Bottom

In man on man action, the receptive partner during anal sex is often referred to as the ‘bottom‘.

The receptive partner is at higher risk for HIV than their ‘top’ counterparts for a number of reasons.

  • The lining of the anus is particularly susceptible to infection, whereas the penis or other external body parts are tougher.
  • If the top ejaculates (cums) inside the bottom, the risk of HIV is greater still.
  • Historically the bottom may also have a lesser role in condom negotiation than the top, who wears the condom.

If you’re a bottom who doesn’t always use condoms and you want to take more control of your sexual health, PrEP might be for you.

 

Top

In man on man action, the insertive partner during anal sex is often referred to as the ‘top‘.

The insertive partner is at lower risk for HIV than their ‘bottom counterparts, but both tops and bottoms can get HIV. What do tops need to consider?

  • The penis is less susceptible to HIV infection than the lining of the anus.
  • Uncircumcised guys are at higher risk than cut/circumcised guys. Whether the top cums inside or not does not appear to increase or decrease infectivity.
  • Historically the top can sometimes to play a more active or assertive role in condom negotiation.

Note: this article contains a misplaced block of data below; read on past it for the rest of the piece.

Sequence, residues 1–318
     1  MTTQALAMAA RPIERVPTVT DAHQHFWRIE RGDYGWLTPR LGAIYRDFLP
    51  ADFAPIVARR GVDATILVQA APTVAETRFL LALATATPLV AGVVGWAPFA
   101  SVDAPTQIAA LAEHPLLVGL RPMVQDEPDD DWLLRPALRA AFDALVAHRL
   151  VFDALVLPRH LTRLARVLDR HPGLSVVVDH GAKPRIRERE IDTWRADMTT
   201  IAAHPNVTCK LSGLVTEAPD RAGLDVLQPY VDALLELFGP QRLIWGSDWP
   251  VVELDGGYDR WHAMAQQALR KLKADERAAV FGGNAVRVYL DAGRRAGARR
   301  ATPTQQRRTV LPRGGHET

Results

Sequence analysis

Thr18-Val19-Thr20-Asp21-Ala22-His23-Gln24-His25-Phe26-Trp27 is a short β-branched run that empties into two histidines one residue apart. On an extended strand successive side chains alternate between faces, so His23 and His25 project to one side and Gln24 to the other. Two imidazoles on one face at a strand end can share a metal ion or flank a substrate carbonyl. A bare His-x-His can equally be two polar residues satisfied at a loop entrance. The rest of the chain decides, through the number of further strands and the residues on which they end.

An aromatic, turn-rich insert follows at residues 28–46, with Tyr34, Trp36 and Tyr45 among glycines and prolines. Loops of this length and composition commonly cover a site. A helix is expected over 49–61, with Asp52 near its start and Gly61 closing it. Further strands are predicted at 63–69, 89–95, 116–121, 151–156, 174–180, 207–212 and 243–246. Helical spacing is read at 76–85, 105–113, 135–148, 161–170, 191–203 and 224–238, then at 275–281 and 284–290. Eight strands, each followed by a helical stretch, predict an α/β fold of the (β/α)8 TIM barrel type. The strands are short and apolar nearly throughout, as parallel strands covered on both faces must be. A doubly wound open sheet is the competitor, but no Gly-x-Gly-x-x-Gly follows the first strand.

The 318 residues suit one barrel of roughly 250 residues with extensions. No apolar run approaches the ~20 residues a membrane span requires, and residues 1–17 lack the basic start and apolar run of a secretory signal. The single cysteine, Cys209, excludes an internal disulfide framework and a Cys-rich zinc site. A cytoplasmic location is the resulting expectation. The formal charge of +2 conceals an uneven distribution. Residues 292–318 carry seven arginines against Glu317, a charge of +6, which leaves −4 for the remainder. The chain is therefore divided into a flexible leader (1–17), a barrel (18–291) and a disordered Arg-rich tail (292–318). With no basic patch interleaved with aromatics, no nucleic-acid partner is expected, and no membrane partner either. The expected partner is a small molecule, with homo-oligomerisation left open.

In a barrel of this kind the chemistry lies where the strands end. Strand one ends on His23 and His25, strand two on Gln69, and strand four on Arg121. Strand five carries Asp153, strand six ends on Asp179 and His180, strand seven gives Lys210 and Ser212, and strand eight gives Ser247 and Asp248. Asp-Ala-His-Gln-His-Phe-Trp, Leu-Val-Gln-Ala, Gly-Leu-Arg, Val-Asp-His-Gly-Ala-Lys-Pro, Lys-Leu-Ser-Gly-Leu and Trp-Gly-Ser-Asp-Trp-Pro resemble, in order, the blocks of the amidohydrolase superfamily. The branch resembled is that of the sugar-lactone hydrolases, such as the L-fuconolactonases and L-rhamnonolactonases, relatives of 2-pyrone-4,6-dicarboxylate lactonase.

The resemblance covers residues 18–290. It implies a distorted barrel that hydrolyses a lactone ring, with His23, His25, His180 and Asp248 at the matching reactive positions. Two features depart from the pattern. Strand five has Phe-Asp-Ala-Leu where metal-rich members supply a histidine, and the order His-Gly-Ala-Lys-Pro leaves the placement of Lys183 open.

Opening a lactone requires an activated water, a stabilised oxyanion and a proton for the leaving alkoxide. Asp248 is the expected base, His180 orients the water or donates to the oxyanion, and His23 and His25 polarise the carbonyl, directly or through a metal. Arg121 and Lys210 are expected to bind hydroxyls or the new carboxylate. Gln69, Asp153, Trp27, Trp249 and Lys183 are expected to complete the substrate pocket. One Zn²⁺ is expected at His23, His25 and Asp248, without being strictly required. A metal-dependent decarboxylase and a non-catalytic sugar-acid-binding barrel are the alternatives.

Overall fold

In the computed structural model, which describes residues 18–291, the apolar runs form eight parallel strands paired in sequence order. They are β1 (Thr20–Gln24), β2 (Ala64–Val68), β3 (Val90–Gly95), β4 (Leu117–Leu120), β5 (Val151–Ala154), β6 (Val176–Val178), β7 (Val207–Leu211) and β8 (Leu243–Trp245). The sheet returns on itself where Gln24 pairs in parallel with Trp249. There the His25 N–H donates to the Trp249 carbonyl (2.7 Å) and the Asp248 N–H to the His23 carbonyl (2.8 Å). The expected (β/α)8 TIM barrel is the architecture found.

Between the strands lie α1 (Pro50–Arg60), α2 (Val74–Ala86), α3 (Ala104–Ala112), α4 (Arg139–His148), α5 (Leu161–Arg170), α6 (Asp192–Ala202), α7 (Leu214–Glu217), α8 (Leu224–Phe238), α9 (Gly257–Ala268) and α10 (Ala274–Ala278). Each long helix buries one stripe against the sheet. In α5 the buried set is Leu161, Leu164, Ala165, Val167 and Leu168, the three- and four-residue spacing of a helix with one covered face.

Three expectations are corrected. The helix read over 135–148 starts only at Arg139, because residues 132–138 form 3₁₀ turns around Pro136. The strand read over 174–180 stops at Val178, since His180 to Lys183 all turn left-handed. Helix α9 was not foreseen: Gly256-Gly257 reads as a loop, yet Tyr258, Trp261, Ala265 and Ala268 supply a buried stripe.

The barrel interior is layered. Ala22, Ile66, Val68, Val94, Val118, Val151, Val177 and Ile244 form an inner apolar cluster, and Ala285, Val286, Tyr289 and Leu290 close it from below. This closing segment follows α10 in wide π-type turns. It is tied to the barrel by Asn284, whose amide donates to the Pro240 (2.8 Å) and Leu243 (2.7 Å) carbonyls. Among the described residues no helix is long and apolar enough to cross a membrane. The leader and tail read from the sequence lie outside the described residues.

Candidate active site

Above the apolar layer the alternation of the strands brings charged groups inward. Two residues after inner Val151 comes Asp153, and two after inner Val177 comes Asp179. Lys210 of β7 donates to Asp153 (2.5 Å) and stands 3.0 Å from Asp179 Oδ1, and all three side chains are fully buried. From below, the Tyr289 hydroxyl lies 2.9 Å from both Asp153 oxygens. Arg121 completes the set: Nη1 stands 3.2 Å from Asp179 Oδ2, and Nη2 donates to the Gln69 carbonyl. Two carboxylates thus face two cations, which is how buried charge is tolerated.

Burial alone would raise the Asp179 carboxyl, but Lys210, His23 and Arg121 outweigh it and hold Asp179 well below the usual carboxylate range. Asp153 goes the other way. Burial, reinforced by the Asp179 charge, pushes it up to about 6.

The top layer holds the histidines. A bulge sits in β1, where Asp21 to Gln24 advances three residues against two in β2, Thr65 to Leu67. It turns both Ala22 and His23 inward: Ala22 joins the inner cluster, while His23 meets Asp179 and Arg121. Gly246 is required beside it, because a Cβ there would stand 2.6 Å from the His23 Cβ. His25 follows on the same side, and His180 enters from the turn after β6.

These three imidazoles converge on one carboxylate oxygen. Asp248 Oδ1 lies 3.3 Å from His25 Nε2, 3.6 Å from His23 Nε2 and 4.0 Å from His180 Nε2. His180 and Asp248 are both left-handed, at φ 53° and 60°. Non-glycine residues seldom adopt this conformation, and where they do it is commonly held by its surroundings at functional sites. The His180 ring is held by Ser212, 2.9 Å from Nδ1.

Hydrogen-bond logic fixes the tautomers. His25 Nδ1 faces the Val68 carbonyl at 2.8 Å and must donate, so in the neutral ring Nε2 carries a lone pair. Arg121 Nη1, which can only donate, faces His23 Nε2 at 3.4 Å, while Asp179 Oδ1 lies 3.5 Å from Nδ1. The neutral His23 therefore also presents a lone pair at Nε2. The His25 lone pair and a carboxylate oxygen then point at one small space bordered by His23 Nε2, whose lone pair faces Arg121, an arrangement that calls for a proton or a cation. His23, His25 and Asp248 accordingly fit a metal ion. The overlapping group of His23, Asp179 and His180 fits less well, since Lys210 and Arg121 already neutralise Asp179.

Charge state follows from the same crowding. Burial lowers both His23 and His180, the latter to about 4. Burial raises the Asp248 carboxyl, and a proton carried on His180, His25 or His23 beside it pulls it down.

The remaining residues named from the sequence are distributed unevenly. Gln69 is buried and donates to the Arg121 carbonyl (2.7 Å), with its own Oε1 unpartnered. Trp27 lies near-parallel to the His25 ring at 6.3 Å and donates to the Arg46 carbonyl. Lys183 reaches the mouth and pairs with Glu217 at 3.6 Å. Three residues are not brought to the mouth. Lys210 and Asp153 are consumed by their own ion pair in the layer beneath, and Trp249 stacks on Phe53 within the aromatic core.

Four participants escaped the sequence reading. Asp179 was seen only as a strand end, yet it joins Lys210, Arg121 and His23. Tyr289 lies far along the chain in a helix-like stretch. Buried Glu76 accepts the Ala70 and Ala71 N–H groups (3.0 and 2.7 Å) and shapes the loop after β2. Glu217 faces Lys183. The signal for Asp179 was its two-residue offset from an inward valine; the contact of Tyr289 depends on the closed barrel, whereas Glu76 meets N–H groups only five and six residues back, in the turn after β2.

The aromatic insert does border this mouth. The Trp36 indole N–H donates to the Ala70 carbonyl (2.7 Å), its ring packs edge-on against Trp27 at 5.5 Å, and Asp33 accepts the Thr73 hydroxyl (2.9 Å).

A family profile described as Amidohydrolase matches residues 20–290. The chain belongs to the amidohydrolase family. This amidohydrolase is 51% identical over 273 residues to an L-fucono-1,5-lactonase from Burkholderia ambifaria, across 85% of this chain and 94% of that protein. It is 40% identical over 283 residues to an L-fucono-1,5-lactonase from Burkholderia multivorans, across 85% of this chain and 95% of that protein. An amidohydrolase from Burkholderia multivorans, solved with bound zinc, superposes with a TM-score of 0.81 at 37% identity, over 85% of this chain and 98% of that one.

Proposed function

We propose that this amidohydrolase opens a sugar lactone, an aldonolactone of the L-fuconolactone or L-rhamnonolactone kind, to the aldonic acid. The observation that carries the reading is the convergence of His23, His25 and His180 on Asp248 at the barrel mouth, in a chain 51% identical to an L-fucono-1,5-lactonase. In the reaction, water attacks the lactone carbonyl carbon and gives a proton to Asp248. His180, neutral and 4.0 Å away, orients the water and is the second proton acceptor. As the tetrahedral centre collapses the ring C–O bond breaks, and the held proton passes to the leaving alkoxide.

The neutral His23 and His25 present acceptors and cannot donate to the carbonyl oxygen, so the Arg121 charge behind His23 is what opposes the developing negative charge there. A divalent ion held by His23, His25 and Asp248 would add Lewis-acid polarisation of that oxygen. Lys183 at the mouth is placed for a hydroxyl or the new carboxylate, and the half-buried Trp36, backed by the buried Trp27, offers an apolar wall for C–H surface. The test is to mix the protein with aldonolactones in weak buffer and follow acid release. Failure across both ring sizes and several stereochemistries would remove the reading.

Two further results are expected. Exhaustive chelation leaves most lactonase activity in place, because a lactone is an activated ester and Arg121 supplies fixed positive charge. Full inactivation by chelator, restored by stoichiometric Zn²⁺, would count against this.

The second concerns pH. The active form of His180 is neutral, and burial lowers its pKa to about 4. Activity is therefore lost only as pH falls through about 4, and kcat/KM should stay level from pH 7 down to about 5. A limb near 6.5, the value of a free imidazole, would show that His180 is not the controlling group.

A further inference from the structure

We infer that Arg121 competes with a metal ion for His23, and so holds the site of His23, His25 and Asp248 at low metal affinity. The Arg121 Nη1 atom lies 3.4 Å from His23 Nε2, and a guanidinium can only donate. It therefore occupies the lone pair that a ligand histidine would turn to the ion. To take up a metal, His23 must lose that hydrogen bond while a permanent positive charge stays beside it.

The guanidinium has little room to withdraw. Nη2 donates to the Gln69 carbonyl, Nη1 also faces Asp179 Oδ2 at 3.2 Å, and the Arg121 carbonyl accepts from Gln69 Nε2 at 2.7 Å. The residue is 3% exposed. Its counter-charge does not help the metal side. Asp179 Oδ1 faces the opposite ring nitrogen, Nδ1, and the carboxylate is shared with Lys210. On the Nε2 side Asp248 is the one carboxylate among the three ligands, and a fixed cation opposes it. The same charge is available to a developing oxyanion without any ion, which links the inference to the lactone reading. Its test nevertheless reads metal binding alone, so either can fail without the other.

• There is a myth that tops are not at risk – but tops and bottoms are both at risk.

If you’re a top who doesn’t always use condoms and you want to take more control of your sexual health, PrEP might be for you.

 

Versatile

In man on man action, the guy who wants to ut it in, and have it in him is ‘versatile‘ or ‘vers‘.

The receptive partner is at higher risk for HIV than their ‘top’ counterparts for a number of reasons – so vers guys need to be aware of all the risks of the top and the bottom.

If you’re a bottom who doesn’t always use condoms and you want to take more control of your sexual health, PrEP might be for you.

Regardless of your role it’s important to keep up your regular HIV and STI screening.

 

Truvada

Truvada is a powerful anti-retroviral medication made up of two drugs(tenofovir and emtricitabine) with a number of uses in HIV treatment and prevention.

PEP: Truvada, often used in combination with a third drug, is used as PEP. When taken within 72 hours of exposure to HIV it can prevent the person becoming HIV-positive.

Treatment: Some HIV-positive people use Truvada as the backbone of their treatment regime, but not everyone. There are many effective combinations of HIV medications. However, Truvada is the only drug we know to be effective at preventing HIV.

PrEP: Truvada is the drug used by people on PrEP as a daily oral medication to prevent HIV infection.

 

 

Serosorting

Choosing your sexual partners based on their HIV status is called serosorting.